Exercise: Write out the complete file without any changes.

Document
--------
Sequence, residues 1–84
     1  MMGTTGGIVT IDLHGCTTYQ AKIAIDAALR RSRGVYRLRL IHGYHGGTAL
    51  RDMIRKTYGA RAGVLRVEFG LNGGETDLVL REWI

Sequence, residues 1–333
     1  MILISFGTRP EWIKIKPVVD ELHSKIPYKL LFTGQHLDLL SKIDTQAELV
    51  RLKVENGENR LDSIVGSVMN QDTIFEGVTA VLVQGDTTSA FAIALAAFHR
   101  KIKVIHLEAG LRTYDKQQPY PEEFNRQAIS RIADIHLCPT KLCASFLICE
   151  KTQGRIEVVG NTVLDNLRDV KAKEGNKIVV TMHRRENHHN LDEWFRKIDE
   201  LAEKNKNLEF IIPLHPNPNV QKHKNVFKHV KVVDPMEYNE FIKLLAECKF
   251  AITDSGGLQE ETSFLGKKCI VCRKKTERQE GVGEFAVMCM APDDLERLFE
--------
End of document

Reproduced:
Sequence, residues 1–84
     1  MMGTTGGIVT IDLHGCTTYQ AKIAIDAALR RSRGVYRLRL IHGYHGGTAL
    51  RDMIRKTYGA RAGVLRVEFG LNGGETDLVL REWI

Sequence, residues 1–333
     1  MILISFGTRP EWIKIKPVVD ELHSKIPYKL LFTGQHLDLL SKIDTQAELV
    51  RLKVENGENR LDSIVGSVMN QDTIFEGVTA VLVQGDTTSA FAIALAAFHR
   101  KIKVIHLEAG LRTYDKQQPY PEEFNRQAIS RIADIHLCPT KLCASFLICE
   151  KTQGRIEVVG NTVLDNLRDV KAKEGNKIVV TMHRRENHHN LDEWFRKIDE
   201  LAEKNKNLEF IIPLHPNPNV QKHKNVFKHV KVVDPMEYNE FIKLLAECKF
   251  AITDSGGLQE ETSFLGKKCI VCRKKTERQE GVGEFAVMCM APDDLERLFE